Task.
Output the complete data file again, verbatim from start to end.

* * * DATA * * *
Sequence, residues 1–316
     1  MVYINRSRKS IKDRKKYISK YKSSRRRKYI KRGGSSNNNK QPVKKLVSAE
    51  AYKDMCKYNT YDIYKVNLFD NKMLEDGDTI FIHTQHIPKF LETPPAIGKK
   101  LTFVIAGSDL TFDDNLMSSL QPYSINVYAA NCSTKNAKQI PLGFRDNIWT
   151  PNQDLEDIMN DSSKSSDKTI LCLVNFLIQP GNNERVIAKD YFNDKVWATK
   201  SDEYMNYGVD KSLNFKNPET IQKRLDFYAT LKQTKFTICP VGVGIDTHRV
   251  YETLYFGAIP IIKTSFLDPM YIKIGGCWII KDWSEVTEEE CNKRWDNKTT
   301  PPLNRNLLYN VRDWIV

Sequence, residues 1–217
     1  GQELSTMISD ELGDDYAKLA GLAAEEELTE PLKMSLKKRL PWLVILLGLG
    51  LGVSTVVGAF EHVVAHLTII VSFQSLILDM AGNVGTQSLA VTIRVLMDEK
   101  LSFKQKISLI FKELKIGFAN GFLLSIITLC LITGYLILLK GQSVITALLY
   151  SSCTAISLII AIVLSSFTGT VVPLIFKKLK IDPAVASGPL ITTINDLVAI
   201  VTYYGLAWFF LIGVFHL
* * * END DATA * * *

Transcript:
Sequence, residues 1–316
     1  MVYINRSRKS IKDRKKYISK YKSSRRRKYI KRGGSSNNNK QPVKKLVSAE
    51  AYKDMCKYNT YDIYKVNLFD NKMLEDGDTI FIHTQHIPKF LETPPAIGKK
   101  LTFVIAGSDL TFDDNLMSSL QPYSINVYAA NCSTKNAKQI PLGFRDNIWT
   151  PNQDLEDIMN DSSKSSDKTI LCLVNFLIQP GNNERVIAKD YFNDKVWATK
   201  SDEYMNYGVD KSLNFKNPET IQKRLDFYAT LKQTKFTICP VGVGIDTHRV
   251  YETLYFGAIP IIKTSFLDPM YIKIGGCWII KDWSEVTEEE CNKRWDNKTT
   301  PPLNRNLLYN VRDWIV

Sequence, residues 1–217
     1  GQELSTMISD ELGDDYAKLA GLAAEEELTE PLKMSLKKRL PWLVILLGLG
    51  LGVSTVVGAF EHVVAHLTII VSFQSLILDM AGNVGTQSLA VTIRVLMDEK
   101  LSFKQKISLI FKELKIGFAN GFLLSIITLC LITGYLILLK GQSVITALLY
   151  SSCTAISLII AIVLSSFTGT VVPLIFKKLK IDPAVASGPL ITTINDLVAI
   201  VTYYGLAWFF LIGVFHL